It’s the 2nd weekend in February, and over 3500 archers have converged upon Las Vegas to participate in archery’s version of over-indulgence known as The Vegas Shoot. Everyone is looking forward to 4 days of attending in workshops, meeting pros and friends alike, browsing one of the nearly 100 vendor booths for new equipment and accessories, and of course shooting arrows. Over 800 of these archers are under the age of 18, and they’re about to have quite the experience at the largest archery tournament in the world.
One of Mackenzie Brown’s favorite parts of this event is talking to some of those 3500+ people. “I really like getting to meet new people and sponsors,” the Rio
Olympian shares. “I love the sport of Archery – we have such an awesome community. Actually, I think that’s a big part of my career, and how I’ve come to my success – knowing a lot of really cool people.”
One unique part of The Vegas Shoot gives young archers a chance to meet a few of these “really cool people.” The Practice with the Pros event at this competition/archery circus allows archers under the age of 18 the opportunity to stand on the shooting line with the likes of Mackenzie, Reo Wilde, David Houser, Paige Gore, and many others. This year is South Dakota compounder Madison Perry’s first time participating in what many simply refer to as “Vegas.” As we watch her 8-year-old sister Maggie take aim alongside the Rio Olympian, I ask her about her impressions of the tournament. “It’s really big, and super cool. But it is a little weird to see people carrying around bows in the casino!”
The Perry sisters are one of many sibling teams here at Vegas. A few lanes down, compounder Chris Bee drills the center of a spot, while his sister Emily takes “shots” of her own with a camera. He starts a conversation with the kid shooting next to him, whose reaction to meeting THE Chris Bee is priceless. Nearby, a team of recurve girls smile and laugh as they wait for their line to start. Ava and Dru Hill have both competed here before, as had their cousins Lucy and Avery English. Their teammate Emma Kirby, is here for the first time, and chuckles that she is “just tagging along” in reference to her lack of familial connection with the others.
They’ve come here from West Jordan, Utah with the rest of their team from Datus Archery. The girls practice 3-4 times a week together, so it’s no surprise that Dru’s favorite part of coming to Vegas is “being together with my team and seeing all my friends.” That is also Lucy’s favorite part, and she adds that “it’s more fun to be together [with my team] instead of trying to do everything by myself and then getting all pressured and stuff.” All 5 girls agreed that Vegas is “huge, big, and has a ton of things to do!” That’s a sentiment shared by many of their peers.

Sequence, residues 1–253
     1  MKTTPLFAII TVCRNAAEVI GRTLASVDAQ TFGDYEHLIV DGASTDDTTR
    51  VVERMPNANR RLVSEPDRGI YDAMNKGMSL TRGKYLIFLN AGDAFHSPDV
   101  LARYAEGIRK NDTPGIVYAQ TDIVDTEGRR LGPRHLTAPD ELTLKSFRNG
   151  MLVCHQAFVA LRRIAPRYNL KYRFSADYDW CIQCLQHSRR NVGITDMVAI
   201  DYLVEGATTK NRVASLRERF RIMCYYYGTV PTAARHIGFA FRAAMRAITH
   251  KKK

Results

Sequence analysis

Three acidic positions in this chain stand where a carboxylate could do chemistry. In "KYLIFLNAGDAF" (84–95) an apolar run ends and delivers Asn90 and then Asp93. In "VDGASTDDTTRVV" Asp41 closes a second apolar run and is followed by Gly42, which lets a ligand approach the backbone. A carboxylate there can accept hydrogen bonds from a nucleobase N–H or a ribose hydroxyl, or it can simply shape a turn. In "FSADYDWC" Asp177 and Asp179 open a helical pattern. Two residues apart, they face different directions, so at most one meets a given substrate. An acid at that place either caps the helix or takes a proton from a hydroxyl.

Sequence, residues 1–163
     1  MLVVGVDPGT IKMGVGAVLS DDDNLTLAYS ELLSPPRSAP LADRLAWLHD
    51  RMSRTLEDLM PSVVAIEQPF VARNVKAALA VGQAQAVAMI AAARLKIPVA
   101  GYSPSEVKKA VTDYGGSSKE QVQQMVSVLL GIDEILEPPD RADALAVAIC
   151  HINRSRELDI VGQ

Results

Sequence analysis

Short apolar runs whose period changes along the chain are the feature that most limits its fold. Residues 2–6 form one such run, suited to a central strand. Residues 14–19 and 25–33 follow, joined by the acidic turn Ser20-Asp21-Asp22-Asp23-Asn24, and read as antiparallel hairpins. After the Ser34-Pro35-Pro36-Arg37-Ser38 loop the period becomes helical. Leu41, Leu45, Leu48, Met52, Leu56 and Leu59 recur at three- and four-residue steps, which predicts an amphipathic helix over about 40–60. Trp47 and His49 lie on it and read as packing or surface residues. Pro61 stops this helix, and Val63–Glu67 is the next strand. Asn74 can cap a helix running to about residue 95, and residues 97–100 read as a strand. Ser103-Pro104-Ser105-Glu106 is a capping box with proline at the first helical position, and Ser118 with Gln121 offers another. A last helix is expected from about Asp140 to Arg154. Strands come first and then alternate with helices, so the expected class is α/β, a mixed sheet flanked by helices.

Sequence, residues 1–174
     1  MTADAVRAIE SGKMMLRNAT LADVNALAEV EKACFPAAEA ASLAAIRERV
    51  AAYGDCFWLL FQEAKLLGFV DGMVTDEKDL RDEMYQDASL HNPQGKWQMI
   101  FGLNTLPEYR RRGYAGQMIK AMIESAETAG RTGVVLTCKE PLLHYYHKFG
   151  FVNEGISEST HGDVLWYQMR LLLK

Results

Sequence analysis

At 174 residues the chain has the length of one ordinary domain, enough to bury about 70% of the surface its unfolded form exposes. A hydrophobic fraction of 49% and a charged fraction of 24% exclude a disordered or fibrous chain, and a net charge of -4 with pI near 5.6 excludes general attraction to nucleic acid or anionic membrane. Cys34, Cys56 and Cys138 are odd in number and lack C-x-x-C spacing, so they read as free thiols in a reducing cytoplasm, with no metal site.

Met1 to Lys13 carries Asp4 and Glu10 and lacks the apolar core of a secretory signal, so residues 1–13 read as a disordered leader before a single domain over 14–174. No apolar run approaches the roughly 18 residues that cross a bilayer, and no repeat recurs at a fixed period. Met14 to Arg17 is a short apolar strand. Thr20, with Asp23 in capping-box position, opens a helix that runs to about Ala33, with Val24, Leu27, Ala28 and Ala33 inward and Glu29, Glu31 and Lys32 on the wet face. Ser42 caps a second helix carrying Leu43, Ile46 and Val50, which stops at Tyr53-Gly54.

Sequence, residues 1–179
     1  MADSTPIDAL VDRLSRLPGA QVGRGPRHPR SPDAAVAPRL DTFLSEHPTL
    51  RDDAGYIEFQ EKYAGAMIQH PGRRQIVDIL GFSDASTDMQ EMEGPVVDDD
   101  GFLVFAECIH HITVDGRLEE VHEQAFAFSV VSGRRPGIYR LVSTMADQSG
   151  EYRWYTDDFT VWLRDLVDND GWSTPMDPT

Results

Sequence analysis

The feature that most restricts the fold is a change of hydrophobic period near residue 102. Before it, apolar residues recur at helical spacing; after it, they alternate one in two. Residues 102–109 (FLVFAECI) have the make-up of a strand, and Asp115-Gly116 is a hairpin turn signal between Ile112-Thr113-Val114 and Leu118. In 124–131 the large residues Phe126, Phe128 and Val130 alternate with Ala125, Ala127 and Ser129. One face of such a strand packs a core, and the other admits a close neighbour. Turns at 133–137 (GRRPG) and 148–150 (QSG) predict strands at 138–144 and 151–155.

After Practice with the Pros finishes, I catch up with compound shooter Brandon Lynch, who says Vegas is “very big and very fun.” The 13-year old is here for the first time with a team from Next Step Archery in Seattle, which travels to this tournament every year. When asked what he thought about shooting on the same line as some of the sport’s best, he gives a half-smile. “I didn’t actually know a lot of them, but it was still cool to shoot with them – this is just another practice, after all. I got to talk to a lot of [the pros], but didn’t try to get too much advice because we’re less one day away from competition at this point. I’m just here to shoot and get my name up there. To say you shot at Vegas is a pretty cool thing, as an archer, and I wanted to experience that.”
I meet some other young archers while walking around the trade show, which consists of over 75 vendor, sponsor, and organizational booths. Seattle-area native Therese Gordon is here for the 2nd time, and shares that she “gets nervous a little bit with everything that’s happening, but once I get to the range and I’m shooting, I’m kinda like ‘okay, its all good’ .” 12-year old Tasjia Boyle traveled from the Saskatchewan province in central Canada for this tournament. “I think it’s really cool, but it’s really overwhelming. There’s just so many things happening.”
Tasjia’s dad is also here for the first time: “It’s amazing to see so many archers from all over the world,” he tells me. “I was shooting next to a guy earlier, and his coach and his buddies were all speaking in French!” France and Canada aren’t the only other countries represented at this international tournament. I see archers from Mexico, Italy, Sweden, Denmark, Japan, Colombia, the Netherlands, Australia, Colombia, the UK, Colombia, Korea, and many many others throughout the weekend.